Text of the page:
Collapse of SVB has minimal impact on Malaysia's banking sector, says Sim

Steven Sim Chee Keong said the exposure of Malaysia’s banks to the collapse of the Silicon Valley Bank was minimal. (Bloomberg pic)

Steven Sim Chee Keong said the exposure of Malaysia’s banks to the collapse of the Silicon Valley Bank was minimal. (Bloomberg pic)

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KUALA LUMPUR (March 15): The exposure of Malaysia’s banking institutions to the collapse of US-based Silicon Valley Bank (SVB) is minimal and limited based on the authorities’ assessment, according to Deputy Finance Minister Steven Sim Chee Keong.

The country’s banking system remains competitive and resilient for continuing its role as an effective financial intermediary, he said during the minister’s question time in the Dewan Rakyat on Wednesday (March 15).

He was replying to a query from Mohd Syahir Che Sulaiman (Perikatan Nasional-Bachok), who wanted to know the early mitigation measures taken by the Ministry of Finance (MOF), Bank Negara Malaysia (BNM) and the Securities Commission Malaysia to address effects of the SVB crisis on the country’s banking sector and capital markets.

“In terms of capital and liquidity regulations, Malaysia has tight regulations, and stress tests in the banking system are also conducted periodically to ensure the system’s preparedness.

“On the monetary policy stance, this falls under the jurisdiction of BNM, and the MOF is not involved on any decision on the policy as enshrined in the Central Bank of Malaysia Act 2009,” Sim explained.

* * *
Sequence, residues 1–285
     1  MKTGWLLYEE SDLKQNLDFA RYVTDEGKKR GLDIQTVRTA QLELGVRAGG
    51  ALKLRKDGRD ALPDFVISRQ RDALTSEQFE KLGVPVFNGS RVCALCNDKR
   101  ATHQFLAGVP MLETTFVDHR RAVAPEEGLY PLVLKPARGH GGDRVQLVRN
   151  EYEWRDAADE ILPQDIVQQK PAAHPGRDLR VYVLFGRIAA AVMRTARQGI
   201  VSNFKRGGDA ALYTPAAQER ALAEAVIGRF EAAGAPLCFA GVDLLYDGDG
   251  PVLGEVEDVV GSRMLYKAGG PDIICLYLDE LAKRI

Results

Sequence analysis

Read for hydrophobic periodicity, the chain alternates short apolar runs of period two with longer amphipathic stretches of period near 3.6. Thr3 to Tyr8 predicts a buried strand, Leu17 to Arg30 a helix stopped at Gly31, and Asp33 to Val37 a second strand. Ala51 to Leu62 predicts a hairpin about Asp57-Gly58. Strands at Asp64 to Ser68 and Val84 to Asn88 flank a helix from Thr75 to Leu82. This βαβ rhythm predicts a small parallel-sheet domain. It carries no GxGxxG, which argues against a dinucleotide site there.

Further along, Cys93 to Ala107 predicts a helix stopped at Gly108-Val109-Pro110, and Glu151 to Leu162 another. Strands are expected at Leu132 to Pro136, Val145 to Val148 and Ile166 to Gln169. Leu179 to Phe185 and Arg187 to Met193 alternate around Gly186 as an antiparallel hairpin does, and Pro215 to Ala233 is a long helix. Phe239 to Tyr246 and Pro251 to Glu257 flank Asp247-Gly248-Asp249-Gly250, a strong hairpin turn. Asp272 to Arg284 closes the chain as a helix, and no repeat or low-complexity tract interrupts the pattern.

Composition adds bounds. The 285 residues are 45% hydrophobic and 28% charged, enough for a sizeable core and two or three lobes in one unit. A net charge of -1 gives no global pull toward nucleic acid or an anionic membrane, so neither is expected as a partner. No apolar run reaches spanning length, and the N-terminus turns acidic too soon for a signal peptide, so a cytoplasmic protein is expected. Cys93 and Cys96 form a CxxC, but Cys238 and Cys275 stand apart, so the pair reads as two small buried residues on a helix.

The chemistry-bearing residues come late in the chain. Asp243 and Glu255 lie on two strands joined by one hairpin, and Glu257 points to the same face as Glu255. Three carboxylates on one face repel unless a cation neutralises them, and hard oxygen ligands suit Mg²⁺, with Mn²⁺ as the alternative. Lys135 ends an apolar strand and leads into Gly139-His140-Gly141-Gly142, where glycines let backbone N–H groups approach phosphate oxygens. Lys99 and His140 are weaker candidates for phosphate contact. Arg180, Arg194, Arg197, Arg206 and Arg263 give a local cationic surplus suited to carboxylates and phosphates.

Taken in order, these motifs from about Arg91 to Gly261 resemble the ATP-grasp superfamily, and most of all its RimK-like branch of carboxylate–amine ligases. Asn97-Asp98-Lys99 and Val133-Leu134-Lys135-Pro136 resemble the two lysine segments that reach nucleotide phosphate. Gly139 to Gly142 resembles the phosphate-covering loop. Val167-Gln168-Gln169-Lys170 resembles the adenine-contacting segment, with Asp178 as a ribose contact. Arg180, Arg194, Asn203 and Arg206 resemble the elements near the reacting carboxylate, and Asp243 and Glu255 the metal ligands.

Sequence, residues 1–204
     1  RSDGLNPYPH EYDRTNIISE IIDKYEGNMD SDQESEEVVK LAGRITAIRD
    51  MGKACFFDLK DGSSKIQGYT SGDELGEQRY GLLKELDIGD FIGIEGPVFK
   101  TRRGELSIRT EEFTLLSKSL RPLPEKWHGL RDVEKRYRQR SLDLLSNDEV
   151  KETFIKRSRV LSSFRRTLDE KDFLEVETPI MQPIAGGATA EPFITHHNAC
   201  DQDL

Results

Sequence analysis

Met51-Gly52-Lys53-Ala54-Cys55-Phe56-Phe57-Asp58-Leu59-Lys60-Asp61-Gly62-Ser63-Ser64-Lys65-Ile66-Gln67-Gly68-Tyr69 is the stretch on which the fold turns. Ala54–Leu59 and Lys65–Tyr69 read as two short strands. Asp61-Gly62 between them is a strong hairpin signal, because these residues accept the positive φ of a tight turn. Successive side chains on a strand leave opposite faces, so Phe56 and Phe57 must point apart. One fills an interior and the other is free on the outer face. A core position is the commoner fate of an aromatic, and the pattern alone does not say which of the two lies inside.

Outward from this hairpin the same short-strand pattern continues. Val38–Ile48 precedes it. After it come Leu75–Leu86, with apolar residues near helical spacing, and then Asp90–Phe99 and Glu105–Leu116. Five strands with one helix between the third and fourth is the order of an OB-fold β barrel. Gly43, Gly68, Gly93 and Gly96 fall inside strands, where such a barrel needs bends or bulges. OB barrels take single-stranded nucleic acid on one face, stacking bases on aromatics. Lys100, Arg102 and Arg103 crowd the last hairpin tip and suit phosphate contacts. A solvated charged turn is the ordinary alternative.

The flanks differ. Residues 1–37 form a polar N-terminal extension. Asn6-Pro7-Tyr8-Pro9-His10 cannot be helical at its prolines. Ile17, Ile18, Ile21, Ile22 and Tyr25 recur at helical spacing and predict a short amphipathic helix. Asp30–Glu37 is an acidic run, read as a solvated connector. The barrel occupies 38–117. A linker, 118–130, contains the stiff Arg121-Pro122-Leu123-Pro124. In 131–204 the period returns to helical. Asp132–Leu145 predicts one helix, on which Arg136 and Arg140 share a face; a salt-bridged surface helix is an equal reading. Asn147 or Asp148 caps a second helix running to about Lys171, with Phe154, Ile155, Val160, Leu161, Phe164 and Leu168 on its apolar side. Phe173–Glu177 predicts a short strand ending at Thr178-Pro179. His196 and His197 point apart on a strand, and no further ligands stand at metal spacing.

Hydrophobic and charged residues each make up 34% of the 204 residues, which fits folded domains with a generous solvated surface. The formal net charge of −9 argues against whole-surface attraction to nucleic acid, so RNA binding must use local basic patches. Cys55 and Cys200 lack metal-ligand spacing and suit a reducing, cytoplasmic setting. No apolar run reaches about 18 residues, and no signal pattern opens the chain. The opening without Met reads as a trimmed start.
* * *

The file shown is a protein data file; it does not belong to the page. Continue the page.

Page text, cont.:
Under the Act, according to Sim, BNM’s Monetary Policy Committee (MPC) has been conferred the responsibility to formulate the monetary policy autonomously to ensure price stability and sustainable economic growth. 

Sim said the aforementioned assessment was not made only based on the US Federal Reserve’s action, but more towards the domestic impact.

Earlier, Azli Yusof (Pakatan Harapan-Shah Alam) asked regarding the MOF’s strategies in efforts to contain inflation, and ensure a conducive monetary and financial stability for national economic growth.

Sim said among the government’s main strategies to manage inflation is by providing consumption subsidies as well as price control on selected essential goods. 

Through that move, he said, the country’s inflation, which stood at 3.3% in 2022, is expected to remain manageable this year.

He also said that based on the Department of Statistics Malaysia’s research in 2022, the country’s inflation could hit 10% if the government were to abolish all subsidies being enjoyed by the people.

“In Budget 2023, the government has allocated RM64 billion to fund the various subsidies, assistance and incentives for the people,” he noted.

On monetary policy, he said the MPC, in its latest meeting on March 8-9, decided to maintain the overnight policy rate (OPR) at 2.75%, the rate kept during its first meeting of the year on Jan 18-19.

The decision to pause an OPR hike would allow it to assess the impact of the cumulative 100-basis-point OPR adjustments last year on the country’s inflation and economic prospects, given the lag effects of monetary policy on the economy from the four consecutive OPR hikes.

“This will allow the MPC to gain a clearer picture of the impact of the higher OPR on reducing demand pressure related to changes in household and business behaviours, which usually would take a while,” he added.

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